Property tax assessment season is in full swing in Minneapolis, with people receiving jaw dropping notices regarding how much their taxes have gone up. In my case, the bump is 16.3%. Ouch.
As I understand it, the challenges here is that proposed tax increase numbers thrown around at a city level are considerably different by the time they’re put into place. Steve Brandt explains this well at the Minneapolis Issues List:
A 7.5 percent increase in the city levy translates to tax increases of 13 to 17 percent on homes, depending on value. That’s because the city’s commercial tax base is shrinking faster than its loss of residential value, throwing more of the burden on homes.
Chances are pretty good that when you hear 7.5% you’re not actually thinking 13-17%. That could certainly be communicated more accurately to residential property owners.
Additionally, Brandt explains that quite a bit of property in the city is not contributing to the property tax base:
A big factor there is the decision by Rybak and the City Council to lock up millions of dollars in commercial property in tax-increment districts designed to finance the debt of Target Center and neighborhood programs.
As I understand it, two examples of city properties that residential property owners are making up the difference for are Target’s downtown headquarters and retail store, and Block E. Both were projects that received generous funding from the city under former Mayor Sharon Sayles Belton.
That’s not necessarily good or bad. It’s certainly great to have a Target store and thousands of employees working downtown. With the exception of Block E, downtown is as vibrant as I’ve ever seen it, and I believe that tax incentives helped get us to where we are today. Carol Becker talked about this 10 years ago on the Minneapolis Issues List:
Minneapolis downtown is thriving, with an office growth rate equal to that of the suburbs, with a thriving night life, with a booming housing market, with wonderful shopping and cultural opportunities. I also see a place that pays about 50% of the tax bill in Minneapolis.
But, it’s good to understand the costs of tax incentives like this. Corporations have gotten very good at getting cities to supplement the cost of new buildings. Projects like this deserve very close analysis.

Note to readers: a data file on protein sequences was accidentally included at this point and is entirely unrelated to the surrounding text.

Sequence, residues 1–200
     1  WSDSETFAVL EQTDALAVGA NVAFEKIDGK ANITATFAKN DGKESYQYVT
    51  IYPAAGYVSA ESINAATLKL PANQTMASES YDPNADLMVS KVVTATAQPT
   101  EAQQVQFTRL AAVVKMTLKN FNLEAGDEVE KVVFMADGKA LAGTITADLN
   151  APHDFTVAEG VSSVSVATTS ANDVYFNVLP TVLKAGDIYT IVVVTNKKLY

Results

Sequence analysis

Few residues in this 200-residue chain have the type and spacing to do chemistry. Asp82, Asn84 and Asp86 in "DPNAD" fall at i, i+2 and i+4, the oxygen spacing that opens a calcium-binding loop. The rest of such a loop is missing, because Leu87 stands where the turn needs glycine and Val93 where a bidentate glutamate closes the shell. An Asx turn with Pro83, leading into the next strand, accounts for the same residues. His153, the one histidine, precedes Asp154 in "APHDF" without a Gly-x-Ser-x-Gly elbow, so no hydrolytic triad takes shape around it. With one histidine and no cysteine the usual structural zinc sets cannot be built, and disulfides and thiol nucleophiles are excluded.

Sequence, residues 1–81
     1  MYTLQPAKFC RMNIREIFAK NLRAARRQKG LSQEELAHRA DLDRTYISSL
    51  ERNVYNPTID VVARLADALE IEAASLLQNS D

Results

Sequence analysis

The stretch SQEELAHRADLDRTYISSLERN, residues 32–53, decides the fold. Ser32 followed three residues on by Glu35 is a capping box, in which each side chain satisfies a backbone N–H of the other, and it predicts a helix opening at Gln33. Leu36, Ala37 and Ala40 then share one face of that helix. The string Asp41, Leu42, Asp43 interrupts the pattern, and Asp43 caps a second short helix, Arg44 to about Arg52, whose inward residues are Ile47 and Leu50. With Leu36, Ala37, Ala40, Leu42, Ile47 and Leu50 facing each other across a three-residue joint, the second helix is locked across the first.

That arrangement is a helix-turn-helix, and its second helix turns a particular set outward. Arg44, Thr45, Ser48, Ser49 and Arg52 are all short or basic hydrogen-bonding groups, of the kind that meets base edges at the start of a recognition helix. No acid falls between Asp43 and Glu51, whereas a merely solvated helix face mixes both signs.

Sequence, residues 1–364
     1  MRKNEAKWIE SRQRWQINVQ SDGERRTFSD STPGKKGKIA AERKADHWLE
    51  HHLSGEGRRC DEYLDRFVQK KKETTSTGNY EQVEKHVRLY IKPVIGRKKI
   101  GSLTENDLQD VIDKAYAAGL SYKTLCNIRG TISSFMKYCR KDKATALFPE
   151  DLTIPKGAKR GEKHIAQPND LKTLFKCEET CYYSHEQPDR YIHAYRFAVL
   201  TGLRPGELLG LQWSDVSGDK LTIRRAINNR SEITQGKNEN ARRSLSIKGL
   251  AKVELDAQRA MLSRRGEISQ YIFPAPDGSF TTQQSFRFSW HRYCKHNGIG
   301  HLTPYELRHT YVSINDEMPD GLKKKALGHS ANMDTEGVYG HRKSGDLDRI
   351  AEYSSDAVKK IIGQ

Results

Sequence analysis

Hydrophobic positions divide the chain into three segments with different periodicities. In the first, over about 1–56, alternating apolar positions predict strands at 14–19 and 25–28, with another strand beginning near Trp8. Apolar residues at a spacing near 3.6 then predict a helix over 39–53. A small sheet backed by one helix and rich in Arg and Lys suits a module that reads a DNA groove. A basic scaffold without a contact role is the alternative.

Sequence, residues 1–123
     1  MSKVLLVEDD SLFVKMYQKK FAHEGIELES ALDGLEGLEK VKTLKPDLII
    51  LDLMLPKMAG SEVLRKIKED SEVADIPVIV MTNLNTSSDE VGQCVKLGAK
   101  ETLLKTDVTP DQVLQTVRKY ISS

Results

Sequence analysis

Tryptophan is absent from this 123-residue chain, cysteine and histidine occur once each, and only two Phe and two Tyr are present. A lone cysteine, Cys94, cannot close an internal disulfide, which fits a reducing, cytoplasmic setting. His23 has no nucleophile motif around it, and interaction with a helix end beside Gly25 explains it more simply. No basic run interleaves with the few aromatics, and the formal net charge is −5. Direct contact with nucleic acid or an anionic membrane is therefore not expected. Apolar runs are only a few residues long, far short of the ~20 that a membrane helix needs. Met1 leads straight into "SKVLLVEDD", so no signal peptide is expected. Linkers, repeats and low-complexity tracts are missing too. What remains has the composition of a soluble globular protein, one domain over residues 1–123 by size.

One way to look at this: With Tax Increment Financing, you’re not giving away something for free. Instead, you’re making everyone else pay.
The StarTribune has an excellent story today by Steve Brandt looking at the inequities of our city’s property tax assessments. The story explains that many people in some of the most economically depressed neighborhoods in the city are paying property taxes based on assessed property values well above what they actually paid for their homes. Ouch. One example is Nigerian immigrant, Idowu Odunlade, who’s paying taxes on her home in the McKinley Neighborhood based on a $90,000 assessment. However, she bought the place for $22,000.
I’d like to personally thank Idowu for her financial support, since my property’s tax assessed value in the Cooper Neighborhood is for less than my property’s purchase price as her’s is above. Thanks for making up the difference.
When it comes to taxes, people:
1. Don’t like surprises
2. Want it to feel like the taxes are fair (both by rate and distribution)
3. Want to know that they’re getting their money’s worth.
Minneapolitans generally feel pretty good about #3, but this week has been a rough one for #’s 1 and 2. But, they’re both solvable problems that should receive the attention they deserve.
Updates [2:45pm]: Bob Collins is asking readers to post their tax increase or decreases in the comments on his site. One trend I see is that Bob has a lot of Longfellow living readers.
Update [4:25]: Mayor Rybak has sent out an email explaining why the increases were made and what he’s doing to avoid them. It’s also published to his blog here.